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Review: Nordic churches

Attraction - Castles & places of worship

London SE, England, United Kingdom

Christmas Scandinavian-style in Rotherhithe, London

  • By SilverTraveller travelhappy

    17 reviews

    Ribbon

  • 2013
  • Partner

140 people found this review helpful

Even for the ‘Bah-Humbugs’ amongst us, this yearly event is a joy, even for the sheer pleasure of being among people who are not only delighted to see each other but also extremely welcoming to visitors.



This is a 3-pronged visit and probably the best place to start is at Saint Olav’s Norwegian church/Seaman’s Mission in Albion Street. The interior is all warm wood and warm welcome. Run by knowledgeable Norwegian ladies in fancy dress (don’t cringe, it really works!). They run a variety of interesting Norwegian craft stalls including Christmas ornaments but also hand-painted arts and crafts, knitted garments and, best of all, food. At the Altar end of the church you can buy Scandinavian-style open sandwiches and coffee/tea and then sit down and talk to whoever you end up sharing a table with. Don’t worry if you are a bit on the quiet side, they will definitely help you out! The history of this church is really worth a read; have a look on www.norway.org.uk or key in ‘Seaman’s mission Rotherhithe’ for more detailed information/history. The entrance fee is £1 with proceeds going to the work of the church. Once you have your ticket, you can re-visit as many times as takes your fancy. There is a courtyard outside the entrance to the church with a bar-b-q/grill smoking away in the corner. Reindeer burger anyone?



Right then, ready to push on? Come out of the church and turn into Neptune Street to stroll through the Scandinavian market. I use the word stroll loosely. It gets packed solid if you are not an early-bird, so it’s a case of just moving along at the pace of everyone else. On the upside, it means you will talk to most of the stall-holders and I have never met a friendlier bunch anywhere. They come from Norway, Sweden, Finland and Latvia and will be more than happy to tell you about their products and their country. Yes, they are there to sell their wares but it’s not a hard sell and they will often offer you a chocolate as you pass or some cake if you are interested. The produce is, once again, high quality and the variety on offer is superb. Anything from food, to candlesticks and thermals. Father Christmas appeared and was ‘high-fiving’ anyone and everyone. You have to laugh. The little shops in Neptune Street benefit from this market as it obviously attracts thousands of visitors to the area over the 3-day event. That’s got to be good hasn’t it?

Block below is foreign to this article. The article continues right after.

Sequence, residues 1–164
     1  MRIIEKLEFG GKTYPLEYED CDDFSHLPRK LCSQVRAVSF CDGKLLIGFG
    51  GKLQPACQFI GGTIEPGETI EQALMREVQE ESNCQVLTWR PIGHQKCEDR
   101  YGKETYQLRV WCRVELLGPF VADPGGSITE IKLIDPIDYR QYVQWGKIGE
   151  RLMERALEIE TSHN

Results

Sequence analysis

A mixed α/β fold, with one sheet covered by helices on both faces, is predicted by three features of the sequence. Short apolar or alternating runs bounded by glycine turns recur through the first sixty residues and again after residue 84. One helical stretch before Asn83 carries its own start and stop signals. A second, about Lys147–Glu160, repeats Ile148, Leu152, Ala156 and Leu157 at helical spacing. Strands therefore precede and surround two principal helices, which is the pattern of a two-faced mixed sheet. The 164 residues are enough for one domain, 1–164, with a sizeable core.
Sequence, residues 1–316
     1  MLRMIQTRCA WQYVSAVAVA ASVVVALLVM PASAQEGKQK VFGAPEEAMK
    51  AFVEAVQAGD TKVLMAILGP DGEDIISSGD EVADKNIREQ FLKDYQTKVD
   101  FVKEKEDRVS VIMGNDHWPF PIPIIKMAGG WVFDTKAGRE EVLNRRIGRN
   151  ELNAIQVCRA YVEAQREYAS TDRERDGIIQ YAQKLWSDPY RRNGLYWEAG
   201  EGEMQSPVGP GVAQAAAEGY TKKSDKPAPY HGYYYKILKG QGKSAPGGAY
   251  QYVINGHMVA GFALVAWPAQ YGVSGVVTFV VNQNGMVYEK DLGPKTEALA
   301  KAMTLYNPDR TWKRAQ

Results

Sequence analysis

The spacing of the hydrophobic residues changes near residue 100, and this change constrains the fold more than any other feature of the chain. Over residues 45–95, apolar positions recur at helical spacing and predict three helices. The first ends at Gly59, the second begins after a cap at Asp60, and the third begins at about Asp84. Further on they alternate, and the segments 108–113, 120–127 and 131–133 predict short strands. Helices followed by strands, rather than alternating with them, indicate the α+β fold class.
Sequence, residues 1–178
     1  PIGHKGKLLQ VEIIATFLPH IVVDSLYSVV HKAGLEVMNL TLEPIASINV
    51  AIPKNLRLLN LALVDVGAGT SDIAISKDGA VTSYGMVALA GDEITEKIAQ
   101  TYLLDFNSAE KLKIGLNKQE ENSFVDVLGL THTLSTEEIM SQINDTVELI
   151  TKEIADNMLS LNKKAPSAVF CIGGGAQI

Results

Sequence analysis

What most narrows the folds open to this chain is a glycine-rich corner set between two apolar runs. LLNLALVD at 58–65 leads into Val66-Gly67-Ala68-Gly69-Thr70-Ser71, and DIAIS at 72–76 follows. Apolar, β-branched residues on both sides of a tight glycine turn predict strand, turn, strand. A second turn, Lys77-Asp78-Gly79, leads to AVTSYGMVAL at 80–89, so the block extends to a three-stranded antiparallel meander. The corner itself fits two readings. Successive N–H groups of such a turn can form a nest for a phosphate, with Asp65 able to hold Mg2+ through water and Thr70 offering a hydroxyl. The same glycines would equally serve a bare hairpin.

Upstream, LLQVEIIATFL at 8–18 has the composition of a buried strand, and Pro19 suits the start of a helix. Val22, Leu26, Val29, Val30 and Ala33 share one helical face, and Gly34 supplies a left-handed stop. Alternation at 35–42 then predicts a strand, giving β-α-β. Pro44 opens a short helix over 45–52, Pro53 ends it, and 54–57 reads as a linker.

A little note here: some stalls do take a debit card but it is mostly cash and there is only one cash machine in the newsagents in Neptune Street and they charge to withdraw cash. So, remember to have some cash with you when you go.



O.K. If you walk along Neptune Street with the Norwegian church behind you, you will come to the Finnish church on the left. It looks more like a little block of flats or offices (no disrespect intended). They usually have a big white hand-painted sign pointing at the entrance or you might walk straight by. The Finnish church is in stark contrast to the Norwegian church because of its modernity. However, it has the same welcome (and also charges a £1 entrance fee). The inside is decked out more like a huge supermarket and is always very crowded indeed. Upstairs they sell craft goods and there is a little café selling cakes etc. There is also a café/restaurant on the ground floor which is a darkish area with Christmas lights. I find this place a little claustrophobic after a while but still go in to support them and buy some fresh rye bread. The ground floor is accessible for wheel-chair users but you might feel a bit hemmed in with all the crowds. They don’t push but the sheer volume of people can be intimidating. There were all age-groups at this event but perhaps Friday would be better if you have small children with you.



The trick is to get there early if you can. This 3-day event normally takes place during the 3rd weekend of November, with Saturday obviously being the busiest day. So, if you want a taste of a Scandinavian Christmas but can’t manage a trip abroad, give this a try. It can be hard to find details of this event on the Web, so try the Norwegian Embassy site nearer the date.



Getting there:
Albion Street/Neptune Street is a 10 minute walk from Surrey Quays station which is on the Jubilee Line and also London Overground. I get the 188 bus from Russell Square – destination North Greenwich – and it drops me off at the Neptune Street stop. The bus takes a little longer but you do see a bit of London on the way.

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This review is solely based on the opinion of a Silver Travel Advisor member and not of Silver Travel Advisor Ltd.

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Other Members' Thoughts - 3 Comment(s)

  • Kenbob
    almost 8 years ago
    How lovely. Nice photos. I am thinkg of planning a trip there next year too.
  • travelhappy
    almost 8 years ago
    Thanks ever so much for reading the review! Hope you enjoy yourselves if you do go. Might see you there next year.....

    All good wishes for Christmas and 2014.
  • Patriciamichael
    almost 8 years ago
    Many thanks for this lively and informative review. It makes me want to plan to visit the Nordic churches Christmas event next year. A very happy Christmas .
    Patriciamichael.